Society usually does not treats fortune tellers or psychics really well, especially when they are women. This story, smartly written in a humorous tone attempts at finding an answer. Another side note, not a thing would have changed if the word ‘Karachi’ was replaced by a ‘Delhi’ or a‘Mumbai’. It reminds us that irrespective of the political(ly) (created) tensions, the societies of the two conflicting countries are really not very different.
December 13th, 1986
The Pastor’s wife was due any day and Ali’s usual mischief – which invariably involved pelting the pastor’s window with pebbles until his wife threw the curtains open and threw cutlery at Ali’s rapidly retreating behind – had simmered down considerably. His mother had threatened to tie him to a chair and whack him with a belan, and Ali took his mother’s threats seriously. She always kept her word. When Ali had managed to secretly purchase tickets for the latest Bond film – one screening only, at Bambino, six pm sharp, only-for-adults-but-anyone-with-a-ticket-could-watch – his mother found out and tore up the tickets in front of him. She then put the shreds in his outstretched palm. The entire episode was a shame, really, considering how well thought and well executed Ali’s plan had been: He bought a bottle of coke for eight anas from Rashid Milk Corner every evening, gulped down the contents of the bottle in two minutes, then returned the glass bottle back to Rashid to get four anas back. The next day, he’d ask his mother for another eight anas. It took him twelve days to accumulate three rupees – that, added to the two rupees he had saved up from his measly pocket money, was enough for a ticket! But as Ali stepped out of his room wearing his shiny shoes, hair slicked back with Dippity-Do, a hint of cologne on his collar, he knew, as did the rest of the residents of 22 Mayfair, that his mother knew everything.
She knew that Nighat-from-the-third-floor had been getting it on with the headmaster of the YMCA school. She knew the right cure for Mrs Fernandes’ laryngitis – haldi doodh niharmoonh. And, she had arrived at 22 Mayfair three years ago knowing that only two reasons had prevented the 22 Mayfair Residential Committee from making a case for her eviction: the first being the fact that Niaz Begum – who was moving to the United States with her son, mashallah, alhamdulilah – was in urgent need of a responsible caretaker for her vacant apartment. The second, that Ali’s mother happened to be Niaz Begum’s niece, and the Residential Committee wouldn’t dare to question Begum’s bloodline without good reason. They tried, Ali’s mother knew, to stir up stories about how an unmarried woman with a young child would make people question 22 Mayfair’s spotless reputation. She also knew that Begum had told them, just as she was about to leave for the airport, that their new tenant was a widow. The day she moved into Begum’s ground floor apartment, young son in tow, the residents of 22 Mayfair had stood on their balconies and peeked through gauzy curtains, trying to catch a glimpse of their newest resident. They continued to watch her for several days, as if they had never seen a woman before, stealing casual glances through her partially opened front door or through a slit between carelessly shut drapes.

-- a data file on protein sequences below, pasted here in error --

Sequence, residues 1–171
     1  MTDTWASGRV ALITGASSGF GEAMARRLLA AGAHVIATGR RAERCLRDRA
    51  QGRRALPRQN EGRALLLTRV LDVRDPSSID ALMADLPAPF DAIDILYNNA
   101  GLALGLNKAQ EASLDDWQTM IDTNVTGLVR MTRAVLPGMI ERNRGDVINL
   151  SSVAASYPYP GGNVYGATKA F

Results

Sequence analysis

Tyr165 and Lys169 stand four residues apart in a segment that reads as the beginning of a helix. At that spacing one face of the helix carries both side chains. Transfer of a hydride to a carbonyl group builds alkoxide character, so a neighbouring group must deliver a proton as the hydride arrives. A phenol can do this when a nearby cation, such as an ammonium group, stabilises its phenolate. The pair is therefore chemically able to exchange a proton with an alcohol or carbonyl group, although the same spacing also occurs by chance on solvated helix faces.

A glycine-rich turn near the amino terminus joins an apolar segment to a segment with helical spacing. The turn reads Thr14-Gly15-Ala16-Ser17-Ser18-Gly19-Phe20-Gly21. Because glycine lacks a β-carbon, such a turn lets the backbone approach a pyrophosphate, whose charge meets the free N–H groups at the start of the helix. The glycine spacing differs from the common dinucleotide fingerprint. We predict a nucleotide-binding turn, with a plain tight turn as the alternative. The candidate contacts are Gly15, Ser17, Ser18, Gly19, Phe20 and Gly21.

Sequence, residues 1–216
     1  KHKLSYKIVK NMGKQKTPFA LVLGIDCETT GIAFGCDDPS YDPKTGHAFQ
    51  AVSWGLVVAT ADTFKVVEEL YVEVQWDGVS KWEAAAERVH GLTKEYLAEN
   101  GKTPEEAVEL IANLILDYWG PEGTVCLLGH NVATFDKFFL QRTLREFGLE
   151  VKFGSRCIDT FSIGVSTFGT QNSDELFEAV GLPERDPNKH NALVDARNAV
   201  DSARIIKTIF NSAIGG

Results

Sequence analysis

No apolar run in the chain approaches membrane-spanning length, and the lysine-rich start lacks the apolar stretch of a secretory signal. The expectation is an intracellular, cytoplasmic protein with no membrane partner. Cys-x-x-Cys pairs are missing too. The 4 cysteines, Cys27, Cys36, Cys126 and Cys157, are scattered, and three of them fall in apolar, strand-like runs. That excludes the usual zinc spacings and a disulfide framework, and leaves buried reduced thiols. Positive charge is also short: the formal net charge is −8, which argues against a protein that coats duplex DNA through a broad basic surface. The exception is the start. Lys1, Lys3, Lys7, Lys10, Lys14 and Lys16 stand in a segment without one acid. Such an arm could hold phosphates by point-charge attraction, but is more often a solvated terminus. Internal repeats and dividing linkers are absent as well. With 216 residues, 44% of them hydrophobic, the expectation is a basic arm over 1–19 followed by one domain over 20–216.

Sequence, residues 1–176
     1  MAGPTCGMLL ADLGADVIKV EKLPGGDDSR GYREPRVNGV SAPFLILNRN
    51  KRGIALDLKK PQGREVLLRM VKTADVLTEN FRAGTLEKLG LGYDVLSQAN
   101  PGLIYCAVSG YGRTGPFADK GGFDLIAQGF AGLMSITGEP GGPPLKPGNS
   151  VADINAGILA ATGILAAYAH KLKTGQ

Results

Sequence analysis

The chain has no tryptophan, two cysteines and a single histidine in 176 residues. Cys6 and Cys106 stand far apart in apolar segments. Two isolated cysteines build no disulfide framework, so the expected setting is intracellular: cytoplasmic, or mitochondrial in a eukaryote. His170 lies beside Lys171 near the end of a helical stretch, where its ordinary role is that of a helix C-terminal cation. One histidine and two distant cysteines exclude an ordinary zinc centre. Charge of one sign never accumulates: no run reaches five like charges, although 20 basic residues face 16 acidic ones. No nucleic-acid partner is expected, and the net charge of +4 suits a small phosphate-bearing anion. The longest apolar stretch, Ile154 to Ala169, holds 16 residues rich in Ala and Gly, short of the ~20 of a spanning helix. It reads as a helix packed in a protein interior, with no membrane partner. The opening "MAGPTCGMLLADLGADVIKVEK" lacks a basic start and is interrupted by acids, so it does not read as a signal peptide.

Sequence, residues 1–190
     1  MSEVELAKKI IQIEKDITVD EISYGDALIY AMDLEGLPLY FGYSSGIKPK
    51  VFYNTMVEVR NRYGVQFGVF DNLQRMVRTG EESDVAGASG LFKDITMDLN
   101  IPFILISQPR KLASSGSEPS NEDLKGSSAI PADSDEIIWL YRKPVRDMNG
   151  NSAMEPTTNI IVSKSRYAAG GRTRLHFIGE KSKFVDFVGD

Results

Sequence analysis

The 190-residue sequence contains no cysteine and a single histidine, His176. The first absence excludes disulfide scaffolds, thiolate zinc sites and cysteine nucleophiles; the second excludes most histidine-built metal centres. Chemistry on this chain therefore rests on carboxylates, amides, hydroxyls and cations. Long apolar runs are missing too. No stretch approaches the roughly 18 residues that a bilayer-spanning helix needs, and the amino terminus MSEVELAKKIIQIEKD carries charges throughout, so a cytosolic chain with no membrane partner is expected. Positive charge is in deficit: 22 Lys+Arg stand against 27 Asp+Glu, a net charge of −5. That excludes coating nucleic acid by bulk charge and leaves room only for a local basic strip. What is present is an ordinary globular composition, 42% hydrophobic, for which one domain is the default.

That morning, Ali’s mother knew, as she marched up the paan-stained staircase to the first floor – braid swishing behind her – that the pastor’s wife was going to go into labour that night. She could feel it in her bones. She rapped on the pastor’s door with her ring clad knuckles, steadying the sooji ka halwa in the crook of her left arm. For the expecting woman, of course. One must never go to one’s neighbour’s house empty handed. She thought back to the Christmas fruitcake she had thrown into the trash last year, and the box of halwa slipped just a little.
As the pastor opened the door – groggy-eyed, crusts of dried saliva around his mouth – she decided to deliver the news immediately.
‘But madam –’